Walkers Heath

B38 - Grid reference SP055785

le Walkerishethe: first record 1314

View towards Walkers Heath from Longdales Road.Geograph OS reference SP0577 © Copyright David Stowell and licensed for reuse under a Creative Commons Licence Attribution-Share Alike 2.0 Generic.
View towards Walkers Heath from Longdales Road.Geograph OS reference SP0577 © Copyright David Stowell and licensed for reuse under a Creative Commons Licence Attribution-Share Alike 2.0 Generic.

Lying around Walkers Heath Road east of Kings Norton, Walkers Heath was developed for municipal housing in the early 1970s at a time of very long waiting lists for council properties. Recorded as le Walkerishethe in 1314, its name derives from a family name. John son of Richard le Walkere de Kyngesnorton was documented here in 1340.


Due to the infertile and quick-draining nature of the underlying soil there are a number of heaths in this area. The heathland here lay between Bells Lane and Walkers Heath Road.

Roman evidence


In 1949 on Parsons Hill near Ardath Road a find of Roman pottery sherds was exposed by bulldozers during building work and noted by Mr M J Nixon, a teacher at Kings Norton Grammar School. The pottery dated from the late 1st century to the 3rd century.


Later excavation showed evidence of a settlement site with gravel surfaces and evidence of fire. That site has since been dug out.


On Longdales Road an archaeological dig in 2000 discovered an unusually large farm site close to the road from Alcester, Icknield Street. A square farmyard surrounded by ditches had a cobbled surface and a circular timber building. Next to the farmyard were more timber buildings, including a large barn. Pottery sherds give an occupation date from the 2nd to the 4th century. Much of the pottery, bowls, tankards and mixing bowls had been made in the Birmingham area, although some had come from further afield, from Gaul (modern France) and the Mediterranean.


Intriguingly the ditched farmyard seems to have been too large to have been an ordinary farm and may have served as a collecting depot for animals from surrounding farms, perhaps before they went to the market at Alcester. A geophysical survey beyond the excavation revealed yet more ditches surrounding possible animal enclosures as well as a road which led onto Icknield Street.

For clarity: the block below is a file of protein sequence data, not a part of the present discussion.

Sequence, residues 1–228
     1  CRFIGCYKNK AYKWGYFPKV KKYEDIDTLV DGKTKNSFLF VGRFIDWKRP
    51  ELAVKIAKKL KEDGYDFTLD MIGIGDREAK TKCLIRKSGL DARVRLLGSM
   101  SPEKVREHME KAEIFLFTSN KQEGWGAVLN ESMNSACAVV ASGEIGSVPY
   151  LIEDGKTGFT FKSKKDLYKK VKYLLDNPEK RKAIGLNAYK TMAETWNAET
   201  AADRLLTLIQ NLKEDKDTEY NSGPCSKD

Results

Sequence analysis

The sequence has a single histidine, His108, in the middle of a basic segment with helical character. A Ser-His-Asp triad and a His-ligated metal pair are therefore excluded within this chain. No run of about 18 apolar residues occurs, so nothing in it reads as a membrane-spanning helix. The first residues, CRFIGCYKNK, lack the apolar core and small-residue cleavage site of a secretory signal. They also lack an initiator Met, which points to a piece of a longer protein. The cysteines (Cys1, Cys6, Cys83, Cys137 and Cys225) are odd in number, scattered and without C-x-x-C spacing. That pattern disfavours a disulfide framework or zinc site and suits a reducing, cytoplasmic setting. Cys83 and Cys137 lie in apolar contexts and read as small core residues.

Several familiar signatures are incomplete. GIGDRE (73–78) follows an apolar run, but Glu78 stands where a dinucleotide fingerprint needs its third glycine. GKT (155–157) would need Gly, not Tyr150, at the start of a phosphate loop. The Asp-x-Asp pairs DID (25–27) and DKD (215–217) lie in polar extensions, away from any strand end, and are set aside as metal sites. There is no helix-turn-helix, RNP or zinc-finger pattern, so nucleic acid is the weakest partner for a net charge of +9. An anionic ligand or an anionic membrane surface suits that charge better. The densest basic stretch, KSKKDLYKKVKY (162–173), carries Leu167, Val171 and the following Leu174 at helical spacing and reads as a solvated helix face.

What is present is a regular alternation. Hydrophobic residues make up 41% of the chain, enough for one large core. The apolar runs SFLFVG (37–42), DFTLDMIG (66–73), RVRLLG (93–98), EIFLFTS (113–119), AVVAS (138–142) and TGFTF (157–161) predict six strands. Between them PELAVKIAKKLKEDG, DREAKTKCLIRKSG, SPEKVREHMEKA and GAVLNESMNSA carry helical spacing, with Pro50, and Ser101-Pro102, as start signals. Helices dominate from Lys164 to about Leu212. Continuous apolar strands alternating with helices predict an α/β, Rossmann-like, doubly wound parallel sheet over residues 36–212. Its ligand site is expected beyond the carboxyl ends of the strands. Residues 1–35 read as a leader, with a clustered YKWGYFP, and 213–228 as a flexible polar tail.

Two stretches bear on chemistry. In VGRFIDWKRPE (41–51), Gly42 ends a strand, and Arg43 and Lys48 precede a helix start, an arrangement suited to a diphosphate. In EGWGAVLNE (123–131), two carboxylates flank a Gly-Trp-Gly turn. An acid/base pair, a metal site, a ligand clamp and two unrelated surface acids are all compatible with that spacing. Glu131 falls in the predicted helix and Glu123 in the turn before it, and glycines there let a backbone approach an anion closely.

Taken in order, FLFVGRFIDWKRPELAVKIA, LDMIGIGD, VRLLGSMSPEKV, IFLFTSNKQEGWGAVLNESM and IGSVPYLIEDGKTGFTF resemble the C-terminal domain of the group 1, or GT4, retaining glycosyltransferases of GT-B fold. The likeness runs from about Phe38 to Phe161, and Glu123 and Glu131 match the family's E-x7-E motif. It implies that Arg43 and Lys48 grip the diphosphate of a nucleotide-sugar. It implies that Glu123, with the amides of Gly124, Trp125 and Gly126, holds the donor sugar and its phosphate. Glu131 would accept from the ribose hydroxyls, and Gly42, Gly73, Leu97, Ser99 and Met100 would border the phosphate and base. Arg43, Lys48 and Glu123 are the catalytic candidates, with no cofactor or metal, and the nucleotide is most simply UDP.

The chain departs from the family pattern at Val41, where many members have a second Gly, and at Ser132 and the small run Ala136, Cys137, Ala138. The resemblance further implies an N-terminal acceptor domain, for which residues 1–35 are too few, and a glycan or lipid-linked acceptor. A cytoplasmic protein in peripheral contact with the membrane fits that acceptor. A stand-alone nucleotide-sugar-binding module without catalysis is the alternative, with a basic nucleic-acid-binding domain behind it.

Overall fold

Off Walkers Heath Road the medieval moat at Pool Farm was excavated between 1949 and 1956 by pupils of Kings Norton Grammar School under the above-mentioned Mr Nixon. The site is now occupied by the Cavendish Tower block of flats and there are no visible remains. However, still standing is Walkers Heath Farm on Longdales Road off Gay Hill Lane. The barn and outhouses are built on the site of the 13th-century house of William de Walker. The present farm is largely late 17th-century, but it has been built around a 16th-century timber frame. The cart shed is 18th-century and is Grade II Listed. 


Moundsley Hall lay well back from the junction of Walkers Heath Road and Druids Heath Lane. This was a timber-framed manor house which had been built some time before 1521, but which was encased in brick in the 19th century. During the course of its demolition c1939, the unsuspected timber frame was revealed. A new house, a home fopr the elderly, was built east of the original site. However, the 19th-century


Moundsley Lodge still survives and has been given a Grade II Listing. See Moundsley.



Moundsley Hall in 1936. Thanks for the use of this image to E W Green, Historic Buildings in Pen & Ink - The Work of William Albert Green. 

William Dargue 28.02.09/ 01.08.2010


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For 19th-century Ordnance Survey maps of Birmingham go to British History Online.

See http://www.british-history.ac.uk/mapsheet.aspx?compid=55144&sheetid=9256&ox=4350&oy=1284&zm=2&czm=2&x=556&y=163


Map below reproduced from Andrew Rowbottom’s website of Old Ordnance Survey maps Popular Edition, Birmingham 1921. Click the map to link to that website.